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Component ID: #ti808802609

The Census Bureau’s housing data present a comprehensive picture of housing in America. You will find a wide range of data on the size, age and type of American homes; home values, rents and mortgages, the housing and construction industry, and more.

We measure the housing and construction industry, track homeownership rates, and produce statistics on both the physical and financial characteristics of our homes. Together, these statistics present a comprehensive picture of housing in America, allowing data-driven decision-making at all levels of government.

The key housing information we release is critical to measuring our national economy. The housing industry represents more than a quarter of our nation’s total investment dollars and about 5 percent of our total economy.

Multiple surveys collect housing information, including the American Housing Survey, the American Community Survey, the Decennial Census, the Current Population Survey/Housing Vacancy Survey, the New York City Housing and Vacancy Survey, Survey of Market Absorption of Apartments, the Rental Housing Finance Survey, the Building Permits Survey, and the Survey of Construction. Each survey addresses different data needs and produces statistics at different levels of geography.

Component ID: #ti129770334

Subtopics

  • Housing Affordability: Examine the affordability of homes at different price levels, chances of affordability by demographic characteristic, reasons why families and unrelated individuals could not afford a home, and the impact of possible policy changes (such as modified down payments and interest rates) on affordability for renters.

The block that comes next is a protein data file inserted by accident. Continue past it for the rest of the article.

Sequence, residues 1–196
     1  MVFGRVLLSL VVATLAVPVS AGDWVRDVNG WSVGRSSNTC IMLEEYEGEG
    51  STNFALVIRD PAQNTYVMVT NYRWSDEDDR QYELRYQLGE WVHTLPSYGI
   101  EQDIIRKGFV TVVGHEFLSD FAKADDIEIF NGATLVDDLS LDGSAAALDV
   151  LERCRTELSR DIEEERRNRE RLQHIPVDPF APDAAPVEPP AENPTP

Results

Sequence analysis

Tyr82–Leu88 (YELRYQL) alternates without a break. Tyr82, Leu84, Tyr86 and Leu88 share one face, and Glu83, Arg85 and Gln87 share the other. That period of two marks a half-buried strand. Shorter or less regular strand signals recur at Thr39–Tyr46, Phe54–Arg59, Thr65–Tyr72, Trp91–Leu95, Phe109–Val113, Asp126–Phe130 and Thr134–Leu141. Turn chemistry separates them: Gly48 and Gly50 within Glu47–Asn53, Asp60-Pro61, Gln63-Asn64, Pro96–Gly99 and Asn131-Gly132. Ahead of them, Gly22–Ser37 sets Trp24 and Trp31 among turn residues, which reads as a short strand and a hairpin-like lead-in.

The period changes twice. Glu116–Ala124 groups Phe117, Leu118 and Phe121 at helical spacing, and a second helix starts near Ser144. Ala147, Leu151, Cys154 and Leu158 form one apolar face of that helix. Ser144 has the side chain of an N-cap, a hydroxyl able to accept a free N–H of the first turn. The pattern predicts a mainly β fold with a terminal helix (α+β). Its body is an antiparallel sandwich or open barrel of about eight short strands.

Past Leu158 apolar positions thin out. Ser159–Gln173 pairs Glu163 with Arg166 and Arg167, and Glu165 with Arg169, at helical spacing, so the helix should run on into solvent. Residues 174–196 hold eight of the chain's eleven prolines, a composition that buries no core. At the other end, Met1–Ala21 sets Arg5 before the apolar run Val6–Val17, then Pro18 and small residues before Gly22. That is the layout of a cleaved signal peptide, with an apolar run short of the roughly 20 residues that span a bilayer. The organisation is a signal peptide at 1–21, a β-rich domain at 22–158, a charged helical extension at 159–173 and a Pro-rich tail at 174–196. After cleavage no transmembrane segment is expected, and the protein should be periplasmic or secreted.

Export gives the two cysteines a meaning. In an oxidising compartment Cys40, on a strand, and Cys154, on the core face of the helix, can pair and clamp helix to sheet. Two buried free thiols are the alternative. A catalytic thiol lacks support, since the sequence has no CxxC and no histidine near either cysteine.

• Housing Patterns: Computed from decennial census data, residential housing pattern measures, including dissimilarity, isolation, absolute centralization and spatial proximity indexes, are provided by demographic characteristic and selected geographies.
  • Housing Vacancies: Vacancies include rental vacancy rates, homeowner vacancy rates, gross vacancy rates, characteristics of vacant units, and inventory estimates.
  • New Housing (Construction): National and regional data document the number of new housing units in each stage of construction: authorized by building permits; authorized, but not started; started; under construction; and completed. Data are also available on the number of new single-family houses sold and for sale and on physical and financial characteristics of new housing.
  • Rental Housing: Rental housing data include housing inventory estimates and characteristics of renter-occupied housing units.
  • Residential Financing: Mortgage data include the financial characteristics of housing units with and without a mortgage, mortgage status by age of householder, and other characteristics.

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